Monday, 30 March 2020

The Alarm Bells Are Ringing

Updated: September 4, 2015 8:45 am

The long-awaited religion data for the Census of 2011 has finally been released. A not-so-surprising aspect of the data is the sharp decline in the share of Hindus in the total population; it has declined by 2.1 percentage points, from 80.45 per cent in 2001 to 78.35 per cent in 2011. On the flipside, Muslim population grew by 24.4 per cent against the national average of 17.7 per cent.

Since the share of Muslims has increased by only 0.8 percentage points, what accounts for the larger decline in the share of Hindus? It is most likely that many persons counted themselves under “Other Religions and Persuasions”. In every Census of the last three decades, different communities, particularly the Scheduled Tribes, preferred to get counted outside the Hindu fold. In the 1991 census, 3.3 million were counted in the ORP category, which catapulted to 6.6million in the 2001 census. It is estimated that in the 2011 Census, the number of ORPs may have spurted threefold. There were knee jerk reaction in the media, several articles reassured Hindus that the share of Muslims has not really changed by too much and there is no serious demographic imbalance. The figures speak of Muslim population growth of 24.4 per cent between 2001 and 2011. This, seen against the average total population growth of 17.7 per cent; and the much lower Hindu growth at only 14.5 per cent gives the correct picture.

The Muslim rate of growth is nearly 38 per cent above the national average; in 2001, the gap between the growth of Muslims and the national average was somewhat lower at 36.8 per cent. The rate of growth of Hindus, on the other hand, has declined about 20 per cent below the national average. This is a matter of concern, as maintaining the demographic balance between is not the absolute rate of growth but the gap between their respective growth rates.

These experts also suggest that the imbalance in the growth rate is a temporary phenomenon, it will not last long. But the history of the census speaks otherwise. If the Muslim incremental figure of 0.8 percentage point rise is indeed correct, then it would be the third time in a row that they have registered such a gain. The share of Muslims had risen by almost exactly the same 0.8 percentage points between 1981-1991 and 1991-2001; their share was 11.8 per cent in 1981, 12.6 per cent in 1991 and 13.4 per cent in 2001; it is 14.2 per cent now in 2011. This clearly proves that the 0.8 percent points is a continuation of an established long-term trend that has continued since Independence. In the sixty years between 1951 and 2011, the share of Muslims has increased from 10.5 to 14.2 per cent; two-thirds of this increase has happened in the last three decades alone.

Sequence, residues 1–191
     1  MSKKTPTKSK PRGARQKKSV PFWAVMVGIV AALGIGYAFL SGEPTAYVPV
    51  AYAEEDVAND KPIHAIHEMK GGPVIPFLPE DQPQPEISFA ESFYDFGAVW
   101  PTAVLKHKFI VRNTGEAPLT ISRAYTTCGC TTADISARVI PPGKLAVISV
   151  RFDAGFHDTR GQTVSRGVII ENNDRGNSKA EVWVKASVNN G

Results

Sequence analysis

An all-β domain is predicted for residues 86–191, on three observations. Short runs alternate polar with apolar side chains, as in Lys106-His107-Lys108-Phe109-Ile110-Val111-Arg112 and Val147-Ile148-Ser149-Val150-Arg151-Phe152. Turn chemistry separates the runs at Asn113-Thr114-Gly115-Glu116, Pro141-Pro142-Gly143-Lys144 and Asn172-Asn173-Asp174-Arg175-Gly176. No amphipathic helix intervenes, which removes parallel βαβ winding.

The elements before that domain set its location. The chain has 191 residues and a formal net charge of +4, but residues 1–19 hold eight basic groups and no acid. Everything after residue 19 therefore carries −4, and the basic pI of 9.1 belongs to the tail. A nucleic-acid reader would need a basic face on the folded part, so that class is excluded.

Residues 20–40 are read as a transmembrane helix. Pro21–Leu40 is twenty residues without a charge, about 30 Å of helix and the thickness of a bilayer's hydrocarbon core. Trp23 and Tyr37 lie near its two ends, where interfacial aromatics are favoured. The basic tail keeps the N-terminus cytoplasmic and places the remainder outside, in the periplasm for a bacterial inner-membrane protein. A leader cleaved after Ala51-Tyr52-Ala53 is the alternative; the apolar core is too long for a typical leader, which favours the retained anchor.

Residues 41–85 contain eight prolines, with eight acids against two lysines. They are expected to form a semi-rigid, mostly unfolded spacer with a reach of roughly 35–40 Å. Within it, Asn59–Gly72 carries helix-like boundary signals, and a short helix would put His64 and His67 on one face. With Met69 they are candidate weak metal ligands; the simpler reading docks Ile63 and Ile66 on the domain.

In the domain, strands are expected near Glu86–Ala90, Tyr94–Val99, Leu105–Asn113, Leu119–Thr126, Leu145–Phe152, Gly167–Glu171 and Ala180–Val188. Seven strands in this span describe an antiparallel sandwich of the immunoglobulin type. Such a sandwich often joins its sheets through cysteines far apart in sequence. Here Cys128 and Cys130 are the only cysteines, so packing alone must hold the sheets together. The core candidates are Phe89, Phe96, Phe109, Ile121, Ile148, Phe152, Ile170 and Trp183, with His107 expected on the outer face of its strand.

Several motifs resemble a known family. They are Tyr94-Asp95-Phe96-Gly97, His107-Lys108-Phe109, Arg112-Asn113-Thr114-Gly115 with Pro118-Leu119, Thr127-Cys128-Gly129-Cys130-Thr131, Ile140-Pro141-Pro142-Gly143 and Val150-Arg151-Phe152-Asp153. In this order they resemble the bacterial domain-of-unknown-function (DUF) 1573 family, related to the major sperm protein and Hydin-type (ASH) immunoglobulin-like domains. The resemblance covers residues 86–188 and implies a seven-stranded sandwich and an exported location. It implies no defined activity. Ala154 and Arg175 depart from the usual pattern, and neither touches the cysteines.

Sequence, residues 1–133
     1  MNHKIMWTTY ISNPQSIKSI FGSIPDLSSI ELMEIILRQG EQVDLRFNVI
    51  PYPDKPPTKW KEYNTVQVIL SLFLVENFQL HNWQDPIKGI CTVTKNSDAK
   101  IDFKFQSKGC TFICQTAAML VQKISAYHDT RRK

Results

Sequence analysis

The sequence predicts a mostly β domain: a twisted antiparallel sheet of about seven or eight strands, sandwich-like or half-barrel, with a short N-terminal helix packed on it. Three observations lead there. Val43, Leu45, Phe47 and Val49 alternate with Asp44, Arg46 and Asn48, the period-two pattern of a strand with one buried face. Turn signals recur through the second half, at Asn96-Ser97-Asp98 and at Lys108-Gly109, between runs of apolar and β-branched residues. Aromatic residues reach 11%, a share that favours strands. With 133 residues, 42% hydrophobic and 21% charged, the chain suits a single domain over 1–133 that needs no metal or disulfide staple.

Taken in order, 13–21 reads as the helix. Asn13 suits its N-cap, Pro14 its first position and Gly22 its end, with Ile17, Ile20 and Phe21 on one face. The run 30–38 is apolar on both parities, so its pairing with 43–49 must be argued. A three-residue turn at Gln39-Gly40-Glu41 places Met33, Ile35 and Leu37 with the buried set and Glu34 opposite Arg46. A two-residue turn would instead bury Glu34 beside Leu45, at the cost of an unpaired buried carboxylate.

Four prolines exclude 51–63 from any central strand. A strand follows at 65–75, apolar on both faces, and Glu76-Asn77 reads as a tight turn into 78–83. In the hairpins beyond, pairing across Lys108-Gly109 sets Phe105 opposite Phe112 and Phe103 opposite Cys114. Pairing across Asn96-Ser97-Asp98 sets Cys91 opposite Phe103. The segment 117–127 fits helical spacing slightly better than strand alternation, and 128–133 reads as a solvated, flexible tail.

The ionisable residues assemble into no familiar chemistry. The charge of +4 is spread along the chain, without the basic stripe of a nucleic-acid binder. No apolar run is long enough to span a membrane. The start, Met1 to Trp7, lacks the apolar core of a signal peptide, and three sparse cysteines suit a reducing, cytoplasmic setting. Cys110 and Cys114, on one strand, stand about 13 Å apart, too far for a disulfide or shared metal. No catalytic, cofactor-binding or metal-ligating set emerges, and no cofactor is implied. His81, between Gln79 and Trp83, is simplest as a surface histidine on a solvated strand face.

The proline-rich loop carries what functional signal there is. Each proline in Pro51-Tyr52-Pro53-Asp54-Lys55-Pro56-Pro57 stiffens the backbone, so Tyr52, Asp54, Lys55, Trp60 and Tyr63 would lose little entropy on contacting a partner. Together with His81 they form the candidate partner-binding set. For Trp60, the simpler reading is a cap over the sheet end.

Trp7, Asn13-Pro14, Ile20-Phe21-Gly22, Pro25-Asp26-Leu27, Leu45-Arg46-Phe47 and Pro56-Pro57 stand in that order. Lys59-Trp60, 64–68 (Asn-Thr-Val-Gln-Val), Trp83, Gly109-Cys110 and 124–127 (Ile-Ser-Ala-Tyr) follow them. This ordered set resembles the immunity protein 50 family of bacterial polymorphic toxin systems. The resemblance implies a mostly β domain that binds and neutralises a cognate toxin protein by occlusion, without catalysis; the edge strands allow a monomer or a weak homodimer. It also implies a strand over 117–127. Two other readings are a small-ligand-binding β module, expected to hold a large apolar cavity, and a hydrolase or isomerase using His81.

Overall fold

What is more alarming is the sectoral growth of Muslim population in some of the States. The share of Muslims has increased sharply in Assam, West Bengal, Kerala, Goa, Uttarakhand, Jammu and Kashmir, Delhi and Haryana. Muslims now form 34.2 per cent of the population of Assam, which is 3.2 percentage points higher than their share of 30.9 per cent in 2001. What has not been declared is that there are now many districts and talukas in the country where Hindus have been reduced to an absolute minority. This impact of the rapid rise in the Muslim population can be assessed only after the detailed disaggregated data are released. Unreleased reports suggest that there are some areas where the increase is as high as 600 per cent. This is both due to the influx of Bangladeshi Muslims and the consequential exodus of Hindus from the areas. Given these trends, the need for the formal release of the complete area wise Census data on religion has become even more urgent.

The partisan application of family planning, non-imposition of the uniform civil code, rampant illegal migration and induced religious conversion are all responsible for the danger to the Hindu character of our nation. The Muslim concept divides the world as Darul Islam where Muslims are in a majority, and Darul Harab in which they are a minority.India is viewed as Darul Harab, and Islam entitles every Muslim, to transform India into Muslim ruled or Muslim majority nation where the Koran and the Shariat will reign supreme. The Census data is a wakeup call for Hindus, they have to take stock of the situation and hang together or ultimately they will be hanged separately. The RSS mouthpiece, Organiser, had earlier this year offered some very interesting statistics in support of this argument. It has said, “There was a 5.2 per cent decadal (1991-2001) growth in Hindu population of Manipur. However, at the same time, Christians grew by 36.6 per cent and Muslims by 43.1 per cent.” It further adds, “North-eastern states, excluding Assam, recorded 50.6 per cent growth in Christians and 42.4 per cent growth in Muslims (in the same period).” If this does not ring the alarm bells, than what will?

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